The “poster girl” of SIRF fraud is Tampa, Florida’s 27 year old Rashia Wilson, who suggestively (and unwisely) posed with fistfuls of cash on her personal Facebook page. The bundles of cash she clutched in her “selfie” Facebook photo represented only a small fraction of the estimated $11 – $20 million she and her gang netted in bogus refunds.
Ms. Wilson used some of her illicit millions to purchase a $90,000 Audi, and a custom gemstone encrusted necklace spelling out her name in diamonds. She also spent $30,000 on a birthday party.
The IRS has nearly 3,000 employees devoted to identity fraud issues like SIRF fraud, but the IRS admits it can’t keep up with this explosive new scam.
Q: How was Ms. Wilson caught?
A: The IRS did not catch Ms. Wilson, and her gang. She was caught by local police. Tampa police Major Ken Morman told ABC News last year that a decline in local drug dealing suggested that criminals had found a more lucrative business. Neighborhood Tampa detectives started to ask around. They eventually discovered Ms. Wilson and her gang of 13 co-conspirators, who at the time were also expanding their enterprise into stolen identity credit card fraud. The unrepentant Ms. Wilson received a 21 year prison sentence.
Q: How easy is SIRF fraud?
A: The SIRF fraud craze has spread like wildfire because it is so easy. For example, some 170,000 completely bogus Federal tax refund requests were filed by prison inmates alone between January and September 2012.
Q: How do I best defend against SIRF fraud?
A: There are two easy ways to beat SIRF fraud:
- First, file your 2013 tax return(s) ASAP after January 1, 2014 so a SIRF fraudster doesn’t have time to beat you to the punch. The IRS will always accept, and recognize the first-to-arrive tax return.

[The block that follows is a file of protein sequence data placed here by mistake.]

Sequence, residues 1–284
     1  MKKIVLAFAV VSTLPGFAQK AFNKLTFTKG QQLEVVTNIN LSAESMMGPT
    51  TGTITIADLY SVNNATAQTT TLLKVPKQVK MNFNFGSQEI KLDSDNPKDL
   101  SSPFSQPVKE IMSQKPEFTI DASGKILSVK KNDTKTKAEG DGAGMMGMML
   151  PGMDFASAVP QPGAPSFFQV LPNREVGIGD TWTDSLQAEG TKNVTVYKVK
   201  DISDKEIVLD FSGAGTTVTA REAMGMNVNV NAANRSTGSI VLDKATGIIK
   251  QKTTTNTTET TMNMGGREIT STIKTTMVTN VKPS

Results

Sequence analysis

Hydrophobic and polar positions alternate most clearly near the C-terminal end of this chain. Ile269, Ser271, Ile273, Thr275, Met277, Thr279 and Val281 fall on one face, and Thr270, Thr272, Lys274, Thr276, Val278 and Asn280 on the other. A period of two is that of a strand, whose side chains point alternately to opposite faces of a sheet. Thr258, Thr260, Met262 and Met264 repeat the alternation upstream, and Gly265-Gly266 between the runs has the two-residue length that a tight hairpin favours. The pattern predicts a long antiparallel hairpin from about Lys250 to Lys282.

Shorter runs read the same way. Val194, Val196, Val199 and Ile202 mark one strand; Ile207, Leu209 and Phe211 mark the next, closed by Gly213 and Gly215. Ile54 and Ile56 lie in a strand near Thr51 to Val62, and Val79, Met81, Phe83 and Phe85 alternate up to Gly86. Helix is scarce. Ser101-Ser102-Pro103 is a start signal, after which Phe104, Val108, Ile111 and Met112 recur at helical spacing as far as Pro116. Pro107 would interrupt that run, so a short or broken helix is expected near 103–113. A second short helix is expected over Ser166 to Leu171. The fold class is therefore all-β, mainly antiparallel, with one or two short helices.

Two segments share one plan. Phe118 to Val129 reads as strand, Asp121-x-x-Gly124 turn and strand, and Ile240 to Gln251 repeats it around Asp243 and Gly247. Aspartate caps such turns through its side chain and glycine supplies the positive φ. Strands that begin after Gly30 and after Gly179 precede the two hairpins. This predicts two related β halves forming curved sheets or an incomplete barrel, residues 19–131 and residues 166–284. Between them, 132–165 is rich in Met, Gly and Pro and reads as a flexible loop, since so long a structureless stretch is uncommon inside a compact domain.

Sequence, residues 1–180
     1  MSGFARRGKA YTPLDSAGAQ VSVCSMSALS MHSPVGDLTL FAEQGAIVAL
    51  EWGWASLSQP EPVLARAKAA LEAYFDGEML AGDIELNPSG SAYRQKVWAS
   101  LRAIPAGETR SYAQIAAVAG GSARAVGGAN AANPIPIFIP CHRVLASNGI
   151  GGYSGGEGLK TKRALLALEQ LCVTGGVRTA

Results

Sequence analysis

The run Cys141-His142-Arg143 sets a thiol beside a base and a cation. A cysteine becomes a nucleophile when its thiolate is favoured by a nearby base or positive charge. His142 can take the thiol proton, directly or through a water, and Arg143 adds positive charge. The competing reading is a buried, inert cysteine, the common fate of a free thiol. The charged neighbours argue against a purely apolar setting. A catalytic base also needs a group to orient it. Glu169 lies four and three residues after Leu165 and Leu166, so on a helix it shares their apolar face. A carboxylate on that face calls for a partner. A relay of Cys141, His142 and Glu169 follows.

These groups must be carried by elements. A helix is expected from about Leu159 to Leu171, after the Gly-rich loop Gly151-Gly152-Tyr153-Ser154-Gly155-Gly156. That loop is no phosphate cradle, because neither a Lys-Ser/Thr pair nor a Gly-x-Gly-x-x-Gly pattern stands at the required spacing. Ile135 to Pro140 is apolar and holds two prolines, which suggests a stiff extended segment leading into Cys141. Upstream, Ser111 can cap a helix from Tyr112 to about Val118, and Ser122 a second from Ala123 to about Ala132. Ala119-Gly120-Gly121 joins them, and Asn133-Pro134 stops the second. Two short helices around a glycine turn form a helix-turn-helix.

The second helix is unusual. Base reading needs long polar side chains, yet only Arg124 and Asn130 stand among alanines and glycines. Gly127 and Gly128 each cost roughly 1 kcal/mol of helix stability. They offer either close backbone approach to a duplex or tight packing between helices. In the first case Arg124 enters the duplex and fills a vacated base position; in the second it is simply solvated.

- Second, do not give out personal information to phishers like the phony “Affordable Care Act navigators” discussed above.
Crooks steal, or slightly alter the website address of a well-known company, and launch a bogus site that may be a nearly identical copy of the real thing. While these sites may have malware, they primarily function to collect your credit card information for the purchase of inferior counterfeit goods, assuming you actually receive them.
Q: How can I avoid the lure of cybersquatting copycat and counterfeit websites?
A: As the kids say, let’s “get real”. Do you really think a genuine $500 Louis Vuitton hand bag is on sale at a site with a bogus looking URL like “www.Lew.E.Viewton.net” for $75.00? Very unlikely. At best, you will get a phony bag. At worst, your credit card information will be circulated all over the Ukraine, and you may never even see even a phony bag.
Gift Card Scams
After taking gift cards from display racks, thieves peel and copy, or use a portable scanner, to get the code underneath the scratch-off strip. Then they put the cards back on the rack, and wait for the cards to be bought and activated. By dialing the card’s toll-free number, the thieves can find out exactly how much value is on the card. The way is clear now for them to make online purchases, or generate cloned copies for in-store use, leaving those who you intended to receive your gift cards with worthless cards.
Another angle on the gift card scam has an crooked store cashier pocketing the cash that you paid for the gift card without actually activating the card at the cashier’s check stand.
Q: How can I avoid the gift card scam?